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To: F14 Pilot
Iran has WMDs and is prepared to use them. Interesting...
6 posted on 01/26/2004 3:57:17 AM PST by risk
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To: risk; DoctorZIn; McGavin999; freedom44; AdmSmith; Cindy; nuconvert
And the most interesting part of these things there is that we all know they have WMDs in hand and are ready to use them but we don't intend to do any thing against their government and one of our senators, Mr. Biden, talked to their FM in Davos, Switzerland and begged his pardon.

That's not a joke! Please take it more serious >>> I am talking to the State Department... Any Body Home!?

7 posted on 01/26/2004 5:46:19 AM PST by F14 Pilot ("Terrorists declared war on U.S. and War is what they Got!")
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To: F14 Pilot
8 posted on 01/26/2004 6:01:16 AM PST by risk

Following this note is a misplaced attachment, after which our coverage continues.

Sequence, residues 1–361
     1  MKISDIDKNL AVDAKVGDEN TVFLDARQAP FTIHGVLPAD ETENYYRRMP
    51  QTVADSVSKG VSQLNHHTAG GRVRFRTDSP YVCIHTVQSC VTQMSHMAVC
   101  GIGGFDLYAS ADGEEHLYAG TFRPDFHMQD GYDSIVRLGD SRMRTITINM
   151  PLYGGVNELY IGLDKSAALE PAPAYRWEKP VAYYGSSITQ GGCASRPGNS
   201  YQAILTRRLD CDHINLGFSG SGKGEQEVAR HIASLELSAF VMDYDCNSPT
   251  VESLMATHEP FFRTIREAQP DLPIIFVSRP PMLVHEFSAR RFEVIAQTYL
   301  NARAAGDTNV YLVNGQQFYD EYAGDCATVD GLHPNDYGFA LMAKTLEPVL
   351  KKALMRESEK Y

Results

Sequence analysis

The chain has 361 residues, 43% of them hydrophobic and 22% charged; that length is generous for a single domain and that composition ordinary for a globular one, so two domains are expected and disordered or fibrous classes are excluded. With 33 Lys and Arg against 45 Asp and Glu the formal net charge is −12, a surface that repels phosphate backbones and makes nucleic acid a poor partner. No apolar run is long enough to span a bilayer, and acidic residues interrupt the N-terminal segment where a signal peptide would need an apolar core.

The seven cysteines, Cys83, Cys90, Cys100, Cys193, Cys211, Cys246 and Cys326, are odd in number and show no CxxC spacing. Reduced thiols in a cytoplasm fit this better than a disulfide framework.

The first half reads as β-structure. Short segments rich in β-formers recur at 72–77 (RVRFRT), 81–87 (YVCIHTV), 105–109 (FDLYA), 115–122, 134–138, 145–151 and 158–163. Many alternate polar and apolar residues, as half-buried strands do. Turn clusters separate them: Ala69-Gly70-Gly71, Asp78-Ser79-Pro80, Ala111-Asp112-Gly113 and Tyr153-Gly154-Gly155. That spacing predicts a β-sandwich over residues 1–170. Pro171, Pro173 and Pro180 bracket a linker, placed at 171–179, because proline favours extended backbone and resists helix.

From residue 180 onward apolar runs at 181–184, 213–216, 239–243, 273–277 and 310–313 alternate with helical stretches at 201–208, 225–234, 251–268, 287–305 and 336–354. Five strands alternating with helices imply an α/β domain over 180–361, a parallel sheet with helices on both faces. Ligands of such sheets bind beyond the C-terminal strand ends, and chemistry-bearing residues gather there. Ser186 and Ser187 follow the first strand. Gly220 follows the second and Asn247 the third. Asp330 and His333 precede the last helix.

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To: DoctorZIn; risk; nuconvert; freedom44; Pro-Bush; Pan_Yans Wife; McGavin999; MEG33; AdmSmith; ...
Iran election tensions increase

Monday, 26 January, 2004
BBC News

A row over Iran's elections next months is escalating, with reformists condemning a conservative veto of a bill to resolve the political crisis.

MPs said the veto would make a boycott of 20 February elections more likely and lead to greater political chaos.

The Guardians Council rejected Sunday's bill, which sought to overturn a ban on thousands of reformist candidates in the elections.

Analysts say MPs must decide whether to submit the bill to a higher body.

The Expediency Council, headed by former president Akbar Hashemi Rafsanjani, is meant to mediate in disputes between the parliament and the Guardians' Council.

Mass protests

Reformists have said that they would boycott an election in which more than a third of candidates were prevented from running.

The unelected 12-member Guardians Council, which vets candidates for office, reinstated about 350 of the banned candidates after Iran's supreme leader, Ayatollah Ali Khamenei, ordered a review.

Students are also planning to organise mass protests to denounce hardliners.